Although Corenna Nuyalia lives in Iqaluit, Nunavut and is located more than 2,000 kilometers from the Fisheries and Marine Institute (MI) in St. John’s, N.L., a relationship between the two is bringing many benefits to the North.
Nuyalia is the senior advisor for the fisheries, sealing and fur programs with the Fisheries and Sealing Division, Department of Environment, with the Government of Nunavut.
“I deal with all of our funding programs, such as the fisheries development and diversification program, fish freight subsidy program and fur program,” she said. “I also work on the Geographic Information System (GIS) for the Nunavut Coastal Resource Inventory and other projects that are GIS-related.”
The GIS is what first connected Nuyalia to MI in 2009. At that time, MI had been contracted to conduct some work for the territory; she was then the project co-ordinator for the Nunavut Coastal Resource Inventory. Nuyalia worked closely with the Institute’s Paul Brett to collect information on coastal resources in Nunavut and spatially map the information to assist in the management, development and conservation of coastal areas.
“Ms. Nuyalia took a vested interest in the work we were doing and was eager to help out and learn,” said Brett, the interim head, School of Ocean Technology, MI. “It was clear from the beginning that she would have a bright future in this growing field.”
Noting her keen interest, the Government of Nunavut invested in additional training for Nuyalia to not only strengthen her own abilities, but to allow her to continue the work she started with MI.
Since 2009 she has completed two intensive programs through the School of Ocean Technology, including the Introduction to Geographic Information Systems in 2011 and Introduction to Remote Sensing in 2012.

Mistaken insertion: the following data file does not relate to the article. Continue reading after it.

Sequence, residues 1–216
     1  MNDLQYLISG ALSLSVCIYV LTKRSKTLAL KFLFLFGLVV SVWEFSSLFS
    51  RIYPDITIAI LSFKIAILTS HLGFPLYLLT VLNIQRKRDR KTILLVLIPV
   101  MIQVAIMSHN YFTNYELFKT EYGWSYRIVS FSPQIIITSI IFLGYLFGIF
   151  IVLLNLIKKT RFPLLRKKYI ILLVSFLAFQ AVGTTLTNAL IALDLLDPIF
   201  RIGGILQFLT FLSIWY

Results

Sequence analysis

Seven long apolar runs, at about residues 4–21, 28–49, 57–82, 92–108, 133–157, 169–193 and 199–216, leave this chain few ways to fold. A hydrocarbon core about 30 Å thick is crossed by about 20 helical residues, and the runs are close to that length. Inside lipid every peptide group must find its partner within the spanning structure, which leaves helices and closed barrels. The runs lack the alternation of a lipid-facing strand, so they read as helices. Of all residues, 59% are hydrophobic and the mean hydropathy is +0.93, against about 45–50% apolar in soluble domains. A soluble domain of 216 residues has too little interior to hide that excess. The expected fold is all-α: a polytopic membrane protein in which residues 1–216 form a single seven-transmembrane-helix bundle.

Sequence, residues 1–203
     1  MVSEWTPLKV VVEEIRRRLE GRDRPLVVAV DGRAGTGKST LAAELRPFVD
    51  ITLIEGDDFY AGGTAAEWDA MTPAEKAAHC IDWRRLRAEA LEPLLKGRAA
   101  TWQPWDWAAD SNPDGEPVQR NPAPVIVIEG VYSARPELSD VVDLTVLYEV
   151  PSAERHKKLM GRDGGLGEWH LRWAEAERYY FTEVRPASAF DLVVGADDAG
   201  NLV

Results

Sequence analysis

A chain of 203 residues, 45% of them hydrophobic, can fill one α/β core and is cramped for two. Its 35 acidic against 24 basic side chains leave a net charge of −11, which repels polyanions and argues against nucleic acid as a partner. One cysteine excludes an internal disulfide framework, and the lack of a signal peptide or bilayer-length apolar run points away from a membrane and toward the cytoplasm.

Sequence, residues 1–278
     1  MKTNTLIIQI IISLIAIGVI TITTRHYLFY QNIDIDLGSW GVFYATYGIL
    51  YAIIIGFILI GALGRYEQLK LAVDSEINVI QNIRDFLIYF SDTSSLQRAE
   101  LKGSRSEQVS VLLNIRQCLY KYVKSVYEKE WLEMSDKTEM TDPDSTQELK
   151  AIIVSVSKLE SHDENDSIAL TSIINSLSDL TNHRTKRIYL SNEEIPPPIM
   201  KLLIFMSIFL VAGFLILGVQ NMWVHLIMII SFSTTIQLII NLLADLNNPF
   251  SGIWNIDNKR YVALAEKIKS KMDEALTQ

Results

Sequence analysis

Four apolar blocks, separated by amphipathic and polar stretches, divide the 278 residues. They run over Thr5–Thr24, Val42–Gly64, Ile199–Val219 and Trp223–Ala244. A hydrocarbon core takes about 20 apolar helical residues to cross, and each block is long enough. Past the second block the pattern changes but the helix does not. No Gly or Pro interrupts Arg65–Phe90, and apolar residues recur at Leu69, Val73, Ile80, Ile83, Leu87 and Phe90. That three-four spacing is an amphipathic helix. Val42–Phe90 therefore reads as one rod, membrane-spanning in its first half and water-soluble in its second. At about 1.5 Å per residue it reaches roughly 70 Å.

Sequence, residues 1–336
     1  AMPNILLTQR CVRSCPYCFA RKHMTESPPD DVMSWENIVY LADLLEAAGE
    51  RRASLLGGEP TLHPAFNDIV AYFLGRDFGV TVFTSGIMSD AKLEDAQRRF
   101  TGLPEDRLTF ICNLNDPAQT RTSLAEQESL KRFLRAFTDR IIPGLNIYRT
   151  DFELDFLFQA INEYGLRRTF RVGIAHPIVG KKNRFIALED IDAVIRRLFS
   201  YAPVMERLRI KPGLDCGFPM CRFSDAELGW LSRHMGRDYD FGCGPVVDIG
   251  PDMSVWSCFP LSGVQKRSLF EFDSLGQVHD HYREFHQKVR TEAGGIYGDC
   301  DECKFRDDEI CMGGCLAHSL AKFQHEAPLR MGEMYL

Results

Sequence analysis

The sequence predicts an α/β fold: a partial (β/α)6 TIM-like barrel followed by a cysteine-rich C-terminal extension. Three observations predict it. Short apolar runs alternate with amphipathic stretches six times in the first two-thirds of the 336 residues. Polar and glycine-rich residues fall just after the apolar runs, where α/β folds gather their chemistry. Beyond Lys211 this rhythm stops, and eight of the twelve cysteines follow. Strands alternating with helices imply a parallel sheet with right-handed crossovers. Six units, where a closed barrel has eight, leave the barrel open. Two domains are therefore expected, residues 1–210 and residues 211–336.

Today, thanks to her practical experiences with the MI team and in-class learning, Nuyalia is able to complete Coastal Resource Inventory work herself and is helping to train others on her team.
“My experience with MI has been very positive for my career, allowing me to be involved in more projects within our division,” Nuyalia said. “I feel more confident in my skills and abilities and that I can contribute more to the projects and programs that I work on.”
Nuyalia says her education and working relationship with MI are having a real impact. She says having the capability to create maps and understand how to present data in a way that makes sense to the people and communities of Nunavut that benefit from the information is rewarding. She also says being able to create and deliver reports that have been completed in-house and having the ability to train her colleagues to complete similar work is “empowering.”
As for what’s next, Nuyalia notes that she has taken an interest in MI’s newest graduate level program, the master of marine studies (marine spatial planning and management) and hopes to register sometime in the near future. As well, immediate plans are underway with the School of Ocean Technology to tailor training in ocean mapping for Nuyalia.
Faculty members will travel to Nunavut this summer to instruct her on the collection and processing of data using state-of-the-art ocean mapping sonar equipment currently on-board the Nuliajuk, the Government of Nunavut’s research vessel.
Always in search of an opportunity to learn and grow, Nuyalia says there are potential opportunities available to her through her employer.
“I’m keeping an eye on the training calendar for interesting courses as they come up.”